By Carole Reedy
ince detective fiction emerged in the 1800s with Edgar Allan Poe’s short stories and the novel The Moonstone by Wilkie Collins (which appeared in 1868 as serial installments in Charles Dickens’ magazine All the Year Round), a diverse range of readers has become enraptured by the genre, the British poet T.S. Eliot and Russian novelist Vladimir Nabokov among them. Sherlock Holmes’ arrival in 1887 cemented the success of detective fiction, which continued into what’s referred to as The Golden Age through the present day.
It’s been suggested that the detective story was actually first written in 429 BC by Sophocles (Oedipus Rex), and then again in the tenth century tale The Three Apples, from the collection One Thousand and One Nights.
The Golden Age
During the 1920s and ’30s, the detective novel surged to popularity with writers from both sides of the Atlantic including Dorothy Sayers, Agatha Christie, Josephine Tey, Ngaio Marsh, John Dickson Carr, and Ellery Queen, along with the more daring and bleaker styles of Raymond Chandler and Dashiell Hammett.
Readers anticipated and expected certain conventions in these novels. In fact, in 1929 Ronald Knox wrote the 10 Commandments of Detective Fiction, and S.S.Van Dine doubled the number in his Twenty Rules for Writing Detective Stories. One thing was constant, though, and that was the idea that the reader must have as good a chance at solving the mystery as the detective.
Van Dine also writes: “The detective story is a kind of intellectual game. It is more—it is a sporting event. And for the writing of detective stories there are very definite laws…unwritten, perhaps, but nonetheless binding; and every respectable and self-respecting concocter of literary mysteries lives up to them.”
Variations on a theme
Modern detective stories and writers may or may not adhere to the rules of Van Dine or Knox, but countless readers and sales numbers prove the genre is alive and kicking. Today we see variations on the investigative angle, such as police novels, serial killer mysteries, legal thrillers or courtroom novels, and cozy mysteries (often more humorous or with a specific theme such as cooking). Here’s a look at some modern novelists we consider to be mystery writers.
Elizabeth George With her recent novel A Banquet of Consequences, George adds to her 16 previous works featuring the dashing Inspector Lynley and his sidekick the dubious Barbara Havers. Fans won’t be disappointed with their latest entanglements, both in mystery-solving and in the idiosyncrasies of their personal lives.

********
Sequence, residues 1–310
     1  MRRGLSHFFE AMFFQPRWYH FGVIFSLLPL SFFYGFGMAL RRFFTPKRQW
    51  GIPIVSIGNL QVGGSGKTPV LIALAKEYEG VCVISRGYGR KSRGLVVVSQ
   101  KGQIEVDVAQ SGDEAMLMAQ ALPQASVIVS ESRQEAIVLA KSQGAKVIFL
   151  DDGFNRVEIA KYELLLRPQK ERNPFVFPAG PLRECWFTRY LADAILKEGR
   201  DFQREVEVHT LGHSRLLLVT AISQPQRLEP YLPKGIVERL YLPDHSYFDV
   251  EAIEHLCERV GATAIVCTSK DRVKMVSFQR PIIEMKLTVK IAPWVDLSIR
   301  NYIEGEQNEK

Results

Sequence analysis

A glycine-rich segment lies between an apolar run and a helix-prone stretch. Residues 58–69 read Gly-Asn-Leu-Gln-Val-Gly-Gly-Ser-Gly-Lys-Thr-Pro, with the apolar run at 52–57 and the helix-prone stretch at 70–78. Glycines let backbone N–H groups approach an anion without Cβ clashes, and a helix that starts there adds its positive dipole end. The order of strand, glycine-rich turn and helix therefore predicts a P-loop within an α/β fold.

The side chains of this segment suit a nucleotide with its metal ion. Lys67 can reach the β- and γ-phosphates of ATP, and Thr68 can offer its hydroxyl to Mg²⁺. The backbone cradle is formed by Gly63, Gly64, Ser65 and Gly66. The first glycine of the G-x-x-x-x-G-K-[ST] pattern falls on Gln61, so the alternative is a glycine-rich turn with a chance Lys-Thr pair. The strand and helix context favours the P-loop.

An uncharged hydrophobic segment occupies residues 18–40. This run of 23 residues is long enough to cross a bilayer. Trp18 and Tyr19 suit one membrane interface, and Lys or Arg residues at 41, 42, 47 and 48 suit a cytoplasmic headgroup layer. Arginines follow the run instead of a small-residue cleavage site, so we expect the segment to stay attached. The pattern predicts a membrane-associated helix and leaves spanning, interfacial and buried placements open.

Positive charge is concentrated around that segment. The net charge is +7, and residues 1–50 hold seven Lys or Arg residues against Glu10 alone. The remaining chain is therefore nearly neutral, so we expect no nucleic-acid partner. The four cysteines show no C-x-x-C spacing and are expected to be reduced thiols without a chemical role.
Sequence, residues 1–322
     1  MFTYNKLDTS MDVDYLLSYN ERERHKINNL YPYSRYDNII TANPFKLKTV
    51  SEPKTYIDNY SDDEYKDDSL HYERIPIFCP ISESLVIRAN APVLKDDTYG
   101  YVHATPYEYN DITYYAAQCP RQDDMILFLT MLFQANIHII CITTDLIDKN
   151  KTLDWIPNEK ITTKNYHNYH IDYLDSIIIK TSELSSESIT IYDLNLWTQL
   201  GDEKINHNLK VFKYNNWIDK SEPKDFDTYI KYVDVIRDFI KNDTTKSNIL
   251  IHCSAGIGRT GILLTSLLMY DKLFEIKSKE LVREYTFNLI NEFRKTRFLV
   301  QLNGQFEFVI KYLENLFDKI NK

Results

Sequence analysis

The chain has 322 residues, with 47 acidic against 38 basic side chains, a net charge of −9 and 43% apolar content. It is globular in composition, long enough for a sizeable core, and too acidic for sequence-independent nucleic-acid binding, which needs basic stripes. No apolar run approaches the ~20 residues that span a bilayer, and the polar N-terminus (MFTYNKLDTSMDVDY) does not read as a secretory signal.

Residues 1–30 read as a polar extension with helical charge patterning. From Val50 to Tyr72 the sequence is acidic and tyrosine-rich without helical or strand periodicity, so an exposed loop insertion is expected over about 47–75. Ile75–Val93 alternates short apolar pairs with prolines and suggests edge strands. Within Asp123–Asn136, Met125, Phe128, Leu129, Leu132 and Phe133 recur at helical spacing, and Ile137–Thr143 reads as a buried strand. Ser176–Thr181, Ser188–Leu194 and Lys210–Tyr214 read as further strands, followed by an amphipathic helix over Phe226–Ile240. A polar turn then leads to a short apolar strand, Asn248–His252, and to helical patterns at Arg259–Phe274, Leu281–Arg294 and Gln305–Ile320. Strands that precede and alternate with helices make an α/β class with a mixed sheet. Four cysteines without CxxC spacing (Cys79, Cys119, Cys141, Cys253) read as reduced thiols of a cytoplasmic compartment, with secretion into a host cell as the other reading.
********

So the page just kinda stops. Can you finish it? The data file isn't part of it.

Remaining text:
Henning Mankell A sharp pang of grief still lingers for Mankell fans in the wake of his recent death. Mankell has written dozens of books, but his Wallander series remains the most widely read. His humanitarian efforts in Mozambique, with the founding of a theater there, are evident in many of his other novels set in Africa.
Both George’s Lynley and Mankell’s Wallander novels have been serialized for TV, but for this reader no television script or presentation can compare to the authors’ words.
Jo Nesbo Mankell fans also are attracted to another Scandinavian writer of the genre, described by a Nesbo fan here… “A gritty Oslo? Not the first image that comes to mind when pondering Norway’s clean, bike- friendly capital, and yet it’s the setting for Jo Nesbo’s dark, psychological Harry Hole series. Harry’s name is less dichotomous. He’s a serious drinker, a loner, melancholic, and deeply flawed like the best detectives, but also smart and intuitive, even occasionally dangerous. Rich in history and local color, Nesbo’s thrillers are deeply engaging.”
James Patterson Take a look at the New York Times best-seller list. A Patterson book is always among the top ten. His police genre seems to attract readers of all types.
Alexander McCall Smith I’ve never met a person who didn’t like the books that make up the No. 1 Ladies’ Detective Agency series. Each is a short, simple read taking place in Gaborone, Botswana, with a cast of lovable characters whose humble lives are filled with personal traumas that cause the reader to pause for a philosophical moment. The only way I can describe these novels is “this is the way life should be lived.” The small adventures of Mma Precious Ramotswe, the ”traditionally built” owner of the agency and first female and private investigator in Botswana; her secretary and assistant Mma Grace Makutsi; and Mma Ramotswe’s mechanic husband make up a trio of unforgettable characters. Each adventure will put a smile on your face.
McCall Smith, a Scotsman and former professor of medical law, has written several other series, including 44 Scotland Street, The Sunday Philosophy Club, Corduroy Mansions, as well as a personal view of Scotland, A Work of Beauty, an intimate portrait of the country he loves.
Judging from the number of mystery writers on the shelves of the bookstores today, it does not appear that the genre is in decline, making its readers very content. There is nothing like curling up in bed with your favorite “who-done it.”